While I’m writing a book, I…

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This entry was posted on February 28, 2019. 3 Comments

Editing Your Draft – Crutch Words

Author Don Massenzio

I am currently hard at work editing my 90K+ collection of short stories that will be published soon. As I go through this work and apply some of the things that I’ve learned editing other authors’ works, I found that I have some crutch words.

In public speaking, crutch words are things like ‘um’ or using the word ‘so’ to start sentences when there is a pause needed to collect your thoughts.

It’s a bit different in writing. In writing, crutch words can pop out at you during the editing process. This is partly true because enhancements to Microsoft Word’s grammar check actually point them out with nasty brown underlines (appropriate color).

The important thing to remember is, if you overuse a particular word or phrase, your reader will notice it and will start to get annoyed by the frequent repetition.

My Crutch Words

My worst crutch words that I…

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Please Welcome Lisa Gammon Olson


Please welcome Lisa Gammon Olson to my blog. Hello Lisa! I’m happy to host you today. Shall we begin? 

Please introduce yourself to those reading this blog post.

First and foremost, I am the mom to three amazing young men; Grant, Kyle & Jay.(They’ve brought two lovely daughters into my life- Anna & Keli!) I live with my husband Bruce in Coon Valley, Wisconsin. As a children’s book author and elementary school secretary (the best job EVER) I get to write for the audience that I spend a lot of time with. How perfect is THAT? I believe the most important thing we can ever teach our children is “How to be Kind.” Any kindness we do, no matter how small, has the power to change someone’s life. I am a member of the SCBWI, a book reviewer for the New York Journal of Books, a member of 12×12 Writers Forum, and an Eifrig Publishing Author.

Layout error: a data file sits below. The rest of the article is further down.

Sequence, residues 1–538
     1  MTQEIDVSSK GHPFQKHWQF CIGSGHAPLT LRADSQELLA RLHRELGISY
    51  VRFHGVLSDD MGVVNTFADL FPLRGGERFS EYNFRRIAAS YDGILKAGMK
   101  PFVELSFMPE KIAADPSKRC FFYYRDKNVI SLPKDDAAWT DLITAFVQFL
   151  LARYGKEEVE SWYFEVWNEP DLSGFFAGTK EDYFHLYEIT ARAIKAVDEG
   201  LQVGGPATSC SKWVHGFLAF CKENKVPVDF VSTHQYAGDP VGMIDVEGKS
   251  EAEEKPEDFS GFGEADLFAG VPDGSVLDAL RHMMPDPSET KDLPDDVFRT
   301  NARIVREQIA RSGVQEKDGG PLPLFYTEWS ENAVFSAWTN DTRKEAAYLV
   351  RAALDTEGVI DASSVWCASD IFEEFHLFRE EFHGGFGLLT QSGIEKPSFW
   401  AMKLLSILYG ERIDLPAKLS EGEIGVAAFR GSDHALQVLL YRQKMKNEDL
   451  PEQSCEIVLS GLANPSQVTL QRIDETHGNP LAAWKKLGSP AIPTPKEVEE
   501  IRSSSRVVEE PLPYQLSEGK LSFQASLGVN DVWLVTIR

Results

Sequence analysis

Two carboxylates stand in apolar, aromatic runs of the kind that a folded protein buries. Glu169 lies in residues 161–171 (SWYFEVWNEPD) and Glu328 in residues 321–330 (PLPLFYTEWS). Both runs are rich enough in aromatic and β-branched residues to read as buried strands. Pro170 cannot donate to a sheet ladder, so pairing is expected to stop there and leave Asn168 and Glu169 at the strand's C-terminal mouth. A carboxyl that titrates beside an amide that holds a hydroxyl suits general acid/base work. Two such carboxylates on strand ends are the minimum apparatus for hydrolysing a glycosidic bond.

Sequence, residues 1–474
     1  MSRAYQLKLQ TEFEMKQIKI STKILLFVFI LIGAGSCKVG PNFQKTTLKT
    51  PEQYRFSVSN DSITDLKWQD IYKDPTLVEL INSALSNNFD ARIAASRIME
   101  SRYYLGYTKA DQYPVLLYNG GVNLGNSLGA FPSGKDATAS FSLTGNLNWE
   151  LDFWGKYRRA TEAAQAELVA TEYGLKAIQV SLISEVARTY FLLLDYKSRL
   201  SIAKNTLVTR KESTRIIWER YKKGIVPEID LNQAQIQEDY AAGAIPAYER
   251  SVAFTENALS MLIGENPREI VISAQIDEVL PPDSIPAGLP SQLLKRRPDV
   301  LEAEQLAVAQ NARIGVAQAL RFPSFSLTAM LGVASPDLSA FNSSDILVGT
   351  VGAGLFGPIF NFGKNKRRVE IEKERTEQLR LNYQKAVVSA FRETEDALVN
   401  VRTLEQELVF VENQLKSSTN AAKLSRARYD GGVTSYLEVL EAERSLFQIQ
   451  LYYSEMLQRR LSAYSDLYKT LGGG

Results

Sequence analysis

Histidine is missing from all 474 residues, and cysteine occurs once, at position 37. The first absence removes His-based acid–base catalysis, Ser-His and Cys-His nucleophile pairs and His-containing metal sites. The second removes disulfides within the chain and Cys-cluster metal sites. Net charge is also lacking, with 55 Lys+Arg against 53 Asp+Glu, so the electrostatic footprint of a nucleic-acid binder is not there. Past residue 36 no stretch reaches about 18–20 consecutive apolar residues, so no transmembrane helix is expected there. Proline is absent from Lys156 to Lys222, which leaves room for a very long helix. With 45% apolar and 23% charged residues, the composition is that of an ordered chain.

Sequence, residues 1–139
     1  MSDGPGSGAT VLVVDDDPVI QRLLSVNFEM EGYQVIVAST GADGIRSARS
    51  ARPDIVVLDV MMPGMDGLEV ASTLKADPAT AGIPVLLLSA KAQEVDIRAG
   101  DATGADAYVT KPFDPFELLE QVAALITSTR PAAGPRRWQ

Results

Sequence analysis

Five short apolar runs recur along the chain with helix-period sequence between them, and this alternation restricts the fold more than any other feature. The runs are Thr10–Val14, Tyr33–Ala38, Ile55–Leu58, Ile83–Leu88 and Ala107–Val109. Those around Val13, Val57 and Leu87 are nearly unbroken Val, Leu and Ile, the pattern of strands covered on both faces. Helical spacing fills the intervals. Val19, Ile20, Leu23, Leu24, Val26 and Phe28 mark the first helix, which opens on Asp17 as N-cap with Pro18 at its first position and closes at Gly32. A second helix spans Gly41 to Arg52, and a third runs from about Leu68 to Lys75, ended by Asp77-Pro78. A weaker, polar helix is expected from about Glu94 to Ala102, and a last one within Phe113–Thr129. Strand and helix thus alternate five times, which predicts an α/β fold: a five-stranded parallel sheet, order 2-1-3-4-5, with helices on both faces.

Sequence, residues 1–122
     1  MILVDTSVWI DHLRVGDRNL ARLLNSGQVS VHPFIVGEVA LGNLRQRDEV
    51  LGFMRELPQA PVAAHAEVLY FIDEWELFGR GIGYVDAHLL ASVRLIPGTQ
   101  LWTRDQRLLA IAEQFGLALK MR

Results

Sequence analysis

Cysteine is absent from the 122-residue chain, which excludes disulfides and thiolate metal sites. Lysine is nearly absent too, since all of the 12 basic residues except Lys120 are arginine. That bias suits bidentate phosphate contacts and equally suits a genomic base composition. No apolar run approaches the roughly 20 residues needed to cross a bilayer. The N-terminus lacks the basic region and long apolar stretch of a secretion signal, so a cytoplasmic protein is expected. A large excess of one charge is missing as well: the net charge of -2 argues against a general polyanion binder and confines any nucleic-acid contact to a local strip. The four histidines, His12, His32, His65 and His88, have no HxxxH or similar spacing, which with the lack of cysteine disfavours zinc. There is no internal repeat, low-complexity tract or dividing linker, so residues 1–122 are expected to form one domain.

Has writing always been part of your life and when did you “know” that it was time to start writing your first book?

Literally, in Kindergarten! I learned to read with Dick & Jane Books when I was five and I thought “That’s what I will do when I grow up….I will write about Dick and Jane having lots and lots of adventures!” I’ve always known I would be a writer. (I love the Dick and Jane books!)

How difficult was it writing your first book?

Being 57 years old, the difficulty “back in the day” wasn’t necessarily the story…it was physically typing out the manuscript on our heavy old typewriter. When you made a mistake, you had to white it out with “liquid paper” and wait for it to dry and retype over it. When sending your manuscript to a publisher, it was protocol to have fewer than 3 typos per page so many many pages got ripped up and retyped. Sometimes you could get 2 pages typed ALL day and you’d look down at the end of the day to see dozens upon dozens of wadded up sheets of paper under the chair!

Have you ever wanted to give up and what stopped you?

Rejection letters from a publisher can cut a writer to the core and after receiving a goodly amount, I DID question my writing ability and I’d put it aside for a month or so. But storytelling is part of my soul and giving it up was never an option.

Who is the most supportive of you and your dream to be a writer?